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Energy & Environment

W.Va. Customers Will Pay For Upgrades To 3 Coal Plants, PSC Rules

Mountaineer3.jpg
Curtis Tate
/
WVPB
The Mountaineer power plant towers over the Ohio River floodplain in Mason County, West Virginia.

The West Virginia Public Service Commission on Tuesday gave three coal-burning power plants an extended lease on life that will be paid for by the state's electric power customers.

The decision means the John Amos, Mountaineer and Mitchell power plants can remain in operation through 2040.

West Virginia ratepayers will be responsible for covering the $448 million cost of upgrading the plants to keep them in line with Environmental Protection Agency regulations. Kentucky and Virginia regulators declined to impose on their ratepayers any cost of keeping the plants open beyond 2028.

Supporters of extending the lives of the plants, particularly the West Virginia Coal Association, said the number of jobs they support and the tax base they provide to communities outweighed the increase in monthly power costs for consumers.

Consumer and environmental groups, as well as large industrial users of electricity, said power bills have gone up enough and make it harder to attract new residents and economic development.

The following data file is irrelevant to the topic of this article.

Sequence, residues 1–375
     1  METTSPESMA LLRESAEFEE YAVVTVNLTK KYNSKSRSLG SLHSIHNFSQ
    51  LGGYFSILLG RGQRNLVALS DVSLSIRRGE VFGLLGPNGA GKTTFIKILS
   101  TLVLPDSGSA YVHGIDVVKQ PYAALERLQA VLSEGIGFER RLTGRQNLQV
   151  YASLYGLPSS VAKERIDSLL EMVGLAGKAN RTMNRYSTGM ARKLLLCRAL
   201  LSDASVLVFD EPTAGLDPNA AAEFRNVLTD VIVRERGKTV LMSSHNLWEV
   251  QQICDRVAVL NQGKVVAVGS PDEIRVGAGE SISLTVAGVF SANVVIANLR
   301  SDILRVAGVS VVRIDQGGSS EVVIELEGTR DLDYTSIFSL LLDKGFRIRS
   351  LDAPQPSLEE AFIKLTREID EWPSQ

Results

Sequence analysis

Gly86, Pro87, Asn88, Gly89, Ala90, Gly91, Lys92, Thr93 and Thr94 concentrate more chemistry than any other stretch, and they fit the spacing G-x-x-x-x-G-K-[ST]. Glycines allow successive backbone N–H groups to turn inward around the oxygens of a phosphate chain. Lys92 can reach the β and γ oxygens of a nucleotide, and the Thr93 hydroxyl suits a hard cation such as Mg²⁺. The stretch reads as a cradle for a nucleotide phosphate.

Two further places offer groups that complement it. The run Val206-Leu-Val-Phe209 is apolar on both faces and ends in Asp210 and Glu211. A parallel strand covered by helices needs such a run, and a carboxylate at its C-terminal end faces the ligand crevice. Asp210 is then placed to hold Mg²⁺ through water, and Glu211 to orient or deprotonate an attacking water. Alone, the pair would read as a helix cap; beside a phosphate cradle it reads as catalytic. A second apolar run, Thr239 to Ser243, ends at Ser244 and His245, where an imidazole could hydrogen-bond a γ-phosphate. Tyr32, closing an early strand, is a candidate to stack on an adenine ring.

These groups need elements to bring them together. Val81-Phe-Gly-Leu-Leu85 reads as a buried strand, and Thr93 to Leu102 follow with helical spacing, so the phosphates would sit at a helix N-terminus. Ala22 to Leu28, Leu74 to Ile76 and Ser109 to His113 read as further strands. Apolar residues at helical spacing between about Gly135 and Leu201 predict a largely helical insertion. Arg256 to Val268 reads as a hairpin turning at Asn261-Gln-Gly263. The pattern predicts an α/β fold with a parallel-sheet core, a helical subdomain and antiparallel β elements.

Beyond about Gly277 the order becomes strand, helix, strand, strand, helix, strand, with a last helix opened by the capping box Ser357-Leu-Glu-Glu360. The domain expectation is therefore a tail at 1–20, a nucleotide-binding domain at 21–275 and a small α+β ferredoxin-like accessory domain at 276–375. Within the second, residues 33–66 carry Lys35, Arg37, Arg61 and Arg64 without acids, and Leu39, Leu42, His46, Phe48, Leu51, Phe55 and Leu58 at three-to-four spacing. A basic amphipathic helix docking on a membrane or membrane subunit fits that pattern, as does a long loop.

With the rapid changes in the economics of electric power generation, as well as potentially stricter regulations on fossil fuels from the federal government in the coming years, there's no guarantee any of the plants will operate until 2040. American Electric Power executives acknowledged this during recent testimony to the commission.

The company had sought a decision from the commission by Wednesday. That was the deadline for AEP affiliates Appalachian Power and Wheeling Power to declare that they would proceed with the upgrades at the three plants or announce their retirement in 2028.

In addition to the upgrades needed for EPA compliance, the commission's order on Tuesday said West Virginia ratepayers would be responsible for covering any operating and maintenance costs for the plants beyond 2028.

In their testimony, AEP officials declined to provide an estimate of such costs.

"We are evaluating the order and working to determine what other actions need to be taken to move forward," said Phil Moye, an Appalachian Power spokesman, in a statement Tuesday.


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